Does Risk With Tonsillectomy Change Between Age Groups?

HealthDay News — Although many pediatric patients undergo tonsillectomy and adenoidectomy (T&A) in ambulatory settings, an inpatient setting may be safer for younger children who are at higher risk of complications, according to research published in online in JAMA Otolaryngology-Head & Neck Surgery.

Misha Amoils, MD, of Stanford University in California, and colleagues conducted a retrospective analysis of data for children undergoing T&A in hospitals (18,622 patients; mean age, 5.4 years) and ambulatory settings, including hospital-based facilities (HBFs) and free-standing facilities (FSFs) (96,592 patients; mean age, 7.6 years). Rates of airway, respiratory, and cardiovascular complications were measured.

The researchers found that pediatric inpatients undergoing T&A had more comorbidities (≤8) than those in HBFs (≤4) or FSFs (≤3). Complication rates were two to five times higher in pediatric inpatients (1 to 12%) than in patients in HBFs (0.2 to 5 percent), and more than 10 times higher than in patients in FSFs (0 to 0.38%). Higher rates of airway and respiratory complications were observed among inpatients aged 0 to 9 years, particularly for airway complications in children aged 0 to 11 months (odds ratio, 7.5; 95 percent confidence interval, 3.1 to 18.2).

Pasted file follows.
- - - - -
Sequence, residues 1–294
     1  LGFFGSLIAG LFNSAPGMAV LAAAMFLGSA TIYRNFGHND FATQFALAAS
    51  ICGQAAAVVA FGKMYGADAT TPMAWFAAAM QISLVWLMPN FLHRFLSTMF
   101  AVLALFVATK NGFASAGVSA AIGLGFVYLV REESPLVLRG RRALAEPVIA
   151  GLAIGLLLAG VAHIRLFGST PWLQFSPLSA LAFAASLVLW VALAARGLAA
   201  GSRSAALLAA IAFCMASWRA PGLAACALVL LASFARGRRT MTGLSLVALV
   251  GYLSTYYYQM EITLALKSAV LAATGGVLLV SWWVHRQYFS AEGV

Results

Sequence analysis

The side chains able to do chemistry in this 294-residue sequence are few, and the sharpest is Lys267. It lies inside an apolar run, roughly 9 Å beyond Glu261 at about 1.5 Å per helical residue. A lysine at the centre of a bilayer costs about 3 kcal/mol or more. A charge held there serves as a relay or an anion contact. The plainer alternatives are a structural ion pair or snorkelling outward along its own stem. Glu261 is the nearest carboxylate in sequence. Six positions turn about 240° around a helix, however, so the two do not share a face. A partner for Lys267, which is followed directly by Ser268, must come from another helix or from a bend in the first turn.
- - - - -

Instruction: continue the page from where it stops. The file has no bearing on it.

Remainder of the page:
“Large numbers of pediatric patients undergo T&A in ambulatory settings despite higher rates of complications in younger patients and patients with more comorbidities,” the authors write. “Fortunately, a high percentage of these patients has been appropriately triaged to the inpatient setting.”


1.  Amoils M, Chang KW, Saynina O, et al. Postoperative Complications in Pediatric Tonsillectomy and Adenoidectomy in Ambulatory vs Inpatient Settings. JAMA Otolaryngol Head Neck Surg. 2016;  doi:10.1001/jamaoto.2015.3634